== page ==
Meatloaf and meatballs are at one end of the spectrum of ground meat dishes that range up to finely textured pates and terrines. Most recipes for meatloaf and meatballs are interchangeable in terms of ingredients. What distinguishes one from the other is the shape.
You don’t have to go very far to find inspiration for what type of meatloaf or meatball to make. A simple search on Google will yield more recipes than you can shake a stick at for everything including Asian-inspired sweet-and-sour varieties, Greek keftethes, subtly creamy Swedish meatballs, marble-sized gems for Italian Wedding Soup, Mexican albóndigas, and 8-ball-sized orbs that are redolent of Parmesan, basil, and oregano cooked slowly in red sauce.
Same thing with meatloaf—you’ll find variations upon variations. Including those that are free-form shaped to those baked in a loaf pan to stuffed-and-rolled varieties.
The big divide comes with how you top your meatloaf. Just as there’s spirited debate about wet ribs or dry ribs in Memphis and Cajuns are raging over which gumbo is best, die-hard meatloaf connoisseurs take sides over how to top a righteous loaf: with ketchup gravy, brown gravy, breadcrumbs, bacon, or nothing at all.
Finding Your Own Path
If you want to create your own meatloaf or meatballs without using someone else’s recipe, consider the fundamental elements that go into both.
Many feel that meatloaves or meatballs made entirely of beef turn out too dense and can sometimes be dry. Therefore, mixing beef with pork ups the fat content, flavor, and juiciness. Take it one step further and add ground veal to the mix for its delicate texture and mild flavor. A common formula for mixing meat for either preparation is 50% ground beef to 25% each of ground pork and ground veal.
When choosing the beef, you can control the amount of fat in your finished product by choosing from different lean-to-fat ratios. An 85/15 (lean to fat) is a good all-purpose grind that will give you excellent flavor and a juicy end product, whether using it for meatloaf, meatballs, or a burger. You can further control the amount of fat by choosing to use ground turkey or chicken.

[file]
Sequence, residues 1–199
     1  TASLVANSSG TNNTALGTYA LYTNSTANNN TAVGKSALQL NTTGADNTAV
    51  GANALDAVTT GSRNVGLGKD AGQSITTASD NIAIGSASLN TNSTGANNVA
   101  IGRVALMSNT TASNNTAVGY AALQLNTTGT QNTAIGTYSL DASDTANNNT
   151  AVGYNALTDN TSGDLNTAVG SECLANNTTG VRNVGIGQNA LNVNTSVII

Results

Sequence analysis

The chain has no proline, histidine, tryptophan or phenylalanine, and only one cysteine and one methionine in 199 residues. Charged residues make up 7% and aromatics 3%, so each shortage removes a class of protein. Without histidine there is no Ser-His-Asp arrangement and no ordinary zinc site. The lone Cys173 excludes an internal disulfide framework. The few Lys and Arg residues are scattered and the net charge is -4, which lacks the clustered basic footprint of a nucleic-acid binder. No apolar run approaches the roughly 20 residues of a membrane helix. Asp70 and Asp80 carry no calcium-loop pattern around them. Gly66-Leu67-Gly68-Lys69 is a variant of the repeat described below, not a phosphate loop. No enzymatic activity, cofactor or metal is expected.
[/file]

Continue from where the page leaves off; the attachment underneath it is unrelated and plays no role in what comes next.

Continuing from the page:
If you like to grind your own meat, try experimenting with different cuts and combinations. For example, combining chuck and sirloin is a classic blend for flavor and juiciness. However, ground short ribs, hanger steak, and brisket are all great candidates for creating your own signature meatloaf flavor profile and texture. A coarse, single-grind, for example, is best and is comparable to the grind that would be used in a rustic country-style pate.
To increase the juiciness and add another layer of flavor, tried adding some diced bacon to the mix.
Various combinations of 3 or 4 aromatic vegetables are the foundation for defining the heritage or style of your final dish. For example, carrots, celery, and onions make up the classic French mire poix. Add garlic to the mix and you have Spanish sofrito. Onions, celery, and bell pepper make up the Cajun-Creole holy trinity, while ginger, garlic, and soy provide an Asian profile.
When making a burger, the integral fat works to hold the meat together in shape as it cooks. Adding ingredients to the ground meat makes the mix looser so additional help is needed to bind it during cooking so it doesn’t disintegrate.
The most common binders for meatloaf and meatballs are bread or breadcrumbs, eggs, or a combination. Eggs alone will certainly solidify the blend and create a somewhat firmer texture. Using bread or crumbs will bind as well, but have the added benefit of helping the mix retain moisture and flavor during cooking and result in a lighter texture.
By following the basic formula, there isn’t a meatloaf or meatball you can’t create with what you most likely already have in your refrigerator and pantry.
But if you want to practice before heading out on your own epicurean exploration, here are a few recipes to get you started:
- Grilled Meatloaf
- Arkansas Meatloaf
- Meat Loaf Parmigiana
- Tuscan-Style Meatloaf with White Wine-Vegetable Sauce
What’s your favorite blend to use for meatloaf? Is it the same for meatballs or different? What’s your favorite add-in ingredient? What camp are you in when it comes to meatloaf topping?